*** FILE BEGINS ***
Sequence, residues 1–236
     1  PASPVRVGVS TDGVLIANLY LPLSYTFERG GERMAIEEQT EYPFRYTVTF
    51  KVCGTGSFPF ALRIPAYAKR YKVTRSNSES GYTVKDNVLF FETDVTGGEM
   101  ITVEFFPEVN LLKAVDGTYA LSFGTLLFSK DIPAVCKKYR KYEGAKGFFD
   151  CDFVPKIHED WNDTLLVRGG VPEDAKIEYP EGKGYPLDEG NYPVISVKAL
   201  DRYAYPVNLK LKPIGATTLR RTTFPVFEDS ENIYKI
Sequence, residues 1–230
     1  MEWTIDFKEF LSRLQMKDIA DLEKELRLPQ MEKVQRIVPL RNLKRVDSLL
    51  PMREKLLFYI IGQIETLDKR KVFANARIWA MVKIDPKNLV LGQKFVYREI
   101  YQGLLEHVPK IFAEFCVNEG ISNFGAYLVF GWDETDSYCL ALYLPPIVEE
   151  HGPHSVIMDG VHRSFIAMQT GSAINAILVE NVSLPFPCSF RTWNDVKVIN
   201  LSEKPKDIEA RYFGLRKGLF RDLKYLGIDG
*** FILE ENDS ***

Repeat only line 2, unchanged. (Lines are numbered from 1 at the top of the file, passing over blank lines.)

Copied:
     1  PASPVRVGVS TDGVLIANLY LPLSYTFERG GERMAIEEQT EYPFRYTVTF